- The Washington Times - Thursday, May 27, 2004

Ellen Andrews was just months from her wedding day when her fiance, Navy Lt. David Huber, was killed in a plane crash. “We were … at a point where we were planning our life together, and then all of a sudden everything was just shattered,” she said, recalling Lt. Huber’s death in a 1995 training accident. “At that point, you kind of assess life, and your hopes and dreams that you had for the future have suddenly been ripped away from you.”

Then Miss Andrews learned about Tragedy Assistance Program for Survivors (TAPS), a national nonprofit organization that supports the loved ones of those who die while serving their country.

TAPS this year celebrates the 10th anniversary of its founding by Bonnie Carroll after her husband, Brig. Gen. Tom Carroll, died in a November 1992 plane crash.

TAPS has helped people such as Miss Andrews, a business banking administrator in Panama City, Fla., come to terms with their grief and enabled them to help others do the same.

“If there is one thing I could say that TAPS has done for me … is that it allowed me to realize that there is hope for the future,” she said. “Being in contact with other people who had had the same thing happen and had been able to survive … it gave me some hope that I was going to be able to make it through.”

Miss Andrews now facilitates an online chat (at www.taps.org) and acts as master of ceremonies for the organization’s annual seminar for surviving families. This weekend’s seminar in Arlington is open to families that wish to participate, Mrs. Carroll said.

The core of this organization, Mrs. Carroll said, is the hundreds of volunteers who answer the phone at the 24-hour help line (800/959-TAPS), provide community resources, and serve as peer mentors — older survivors matched with callers new to TAPS.

“We help partner them up with other people who are going through these experiences,” said Brian Bauman, a senior volunteer who lost his father, a career naval officer, when he was 17. “Survivors help other survivors heal, and they move on to a process of helping one another and eventually moving forward in their lives.”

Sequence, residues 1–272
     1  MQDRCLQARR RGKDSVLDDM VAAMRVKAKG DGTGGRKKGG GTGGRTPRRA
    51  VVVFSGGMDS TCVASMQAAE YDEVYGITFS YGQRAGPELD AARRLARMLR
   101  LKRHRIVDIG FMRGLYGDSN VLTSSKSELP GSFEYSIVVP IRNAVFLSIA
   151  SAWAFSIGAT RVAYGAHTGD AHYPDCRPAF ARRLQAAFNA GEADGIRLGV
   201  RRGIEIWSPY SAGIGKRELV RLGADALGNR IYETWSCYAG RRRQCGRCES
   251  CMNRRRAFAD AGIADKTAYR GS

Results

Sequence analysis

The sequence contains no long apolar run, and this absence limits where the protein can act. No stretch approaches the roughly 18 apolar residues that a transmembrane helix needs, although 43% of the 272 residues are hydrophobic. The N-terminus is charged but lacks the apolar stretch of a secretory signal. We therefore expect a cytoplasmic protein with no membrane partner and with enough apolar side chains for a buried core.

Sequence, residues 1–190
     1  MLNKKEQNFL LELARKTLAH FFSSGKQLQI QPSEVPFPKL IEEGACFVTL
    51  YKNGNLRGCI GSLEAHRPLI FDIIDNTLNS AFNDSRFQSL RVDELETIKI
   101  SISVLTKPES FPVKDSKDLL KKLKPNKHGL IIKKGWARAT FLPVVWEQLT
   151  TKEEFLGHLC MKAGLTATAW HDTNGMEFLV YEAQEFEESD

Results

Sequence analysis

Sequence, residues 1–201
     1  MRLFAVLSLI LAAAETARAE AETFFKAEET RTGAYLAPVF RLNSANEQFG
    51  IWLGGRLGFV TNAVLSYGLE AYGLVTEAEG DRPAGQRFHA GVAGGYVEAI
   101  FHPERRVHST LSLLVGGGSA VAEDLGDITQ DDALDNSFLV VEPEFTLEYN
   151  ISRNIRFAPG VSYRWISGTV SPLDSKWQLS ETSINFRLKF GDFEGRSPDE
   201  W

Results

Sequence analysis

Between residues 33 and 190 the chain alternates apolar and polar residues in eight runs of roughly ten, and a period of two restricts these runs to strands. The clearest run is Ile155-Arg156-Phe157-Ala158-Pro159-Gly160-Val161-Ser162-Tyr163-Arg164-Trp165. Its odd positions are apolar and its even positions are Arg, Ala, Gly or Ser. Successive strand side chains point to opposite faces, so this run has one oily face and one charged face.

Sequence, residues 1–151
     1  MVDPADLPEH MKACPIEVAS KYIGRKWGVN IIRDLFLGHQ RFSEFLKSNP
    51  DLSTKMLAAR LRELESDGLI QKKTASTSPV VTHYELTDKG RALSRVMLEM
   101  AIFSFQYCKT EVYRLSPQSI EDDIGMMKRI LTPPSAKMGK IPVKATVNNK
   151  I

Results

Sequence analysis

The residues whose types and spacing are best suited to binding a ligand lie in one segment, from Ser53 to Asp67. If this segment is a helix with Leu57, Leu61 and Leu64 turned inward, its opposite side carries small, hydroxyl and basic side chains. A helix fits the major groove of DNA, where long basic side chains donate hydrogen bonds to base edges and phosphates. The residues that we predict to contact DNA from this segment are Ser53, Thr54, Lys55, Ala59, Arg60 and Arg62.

Karen Burris called TAPS in the middle of the night after she learned her husband, Maj. Andrew Burris, had died in a 1997 training accident. “I was just desperate, and I just really didn’t think I was going to make it to the next day,” she said. “I think it was two in the morning that I called TAPS, and I talked to Brian Bauman. He just got me through the night.”

“She was really questioning whether she wanted to go on with her life,” Mrs. Carroll said. “I think it is just so critical that TAPS is there, that an organization exists for people who are real American heroes, whose families have given the ultimate sacrifice for this country.

“You talk to people that you’ve known all your life, but in circumstances like this they probably don’t know what to say to you,” Mrs. Carroll said. “But someone who has gone through something similar, when they say they understand, they really do. And that is tremendously comforting.”

TAPS raises money through donations and fund-raisers. A fund-raising race was inspired by Marie Campbell, who ran a marathon in honor of her husband after he was killed by a truck bomb in Saudi Arabia.

The war in Iraq, Mrs. Carroll says, has provided challenges to the organization, which now has to help more people with the same amount of funding.

“I think people assume in the general public that programs like this are supported by the government,” she said. “But this is entirely a private organization that is made up of the families.”

“We have a lot more calls coming in and a lot of families to work with and to help,” said Joyce Harvey, the TAPS national director of peer support, whose daughter Jennifer died in 1995 while serving in the Marine Corps. She said this weekend’s seminar would be the group’s largest ever.

Deb Meyer, of South Bend, Ind., lost her stepson, Jason, in Iraq. He died April 7, 2003, in Baghdad, just after his 23rd birthday. She learned about TAPS on the Internet. The organization flew her, her husband, Loren, and son Chris to Arlington for last year’s seminar.

“I don’t know who sponsored it,” Mrs. Meyer said. “They flew us out and they paid for the seminar and our hotel stay.” She and her son still keep in touch with friends made there, she said.

“It’s not easy when it’s a military death, especially in the situation when … the thing that has caused the death is still ongoing and we’re still seeing, on a daily basis almost, casualties,” Mrs. Meyer said. “And we’re grieving with those parents whenever someone’s killed.”

It also stays on her mind since Chris, 15, has joined Marine Corps JROTC and her other son, Jonathan, is a member of the Indiana National Guard.

Jonathan’s service, she said is in part a tribute to Jason, who joined the Army on Sept. 10, 2001, a day before the terrorist attacks. When a knee injury two weeks before his deployment almost kept him from going to Iraq, Mrs. Meyer said, Jason persuaded his superiors to send him anyway.

Miss Andrews said she still has proud memories of her fiance who died nine years ago.

“The least we can do is when they have made the ultimate sacrifice to be there for the loved ones that they have left behind,” she said. “If I can be some help to them, then I feel I am honoring David.”

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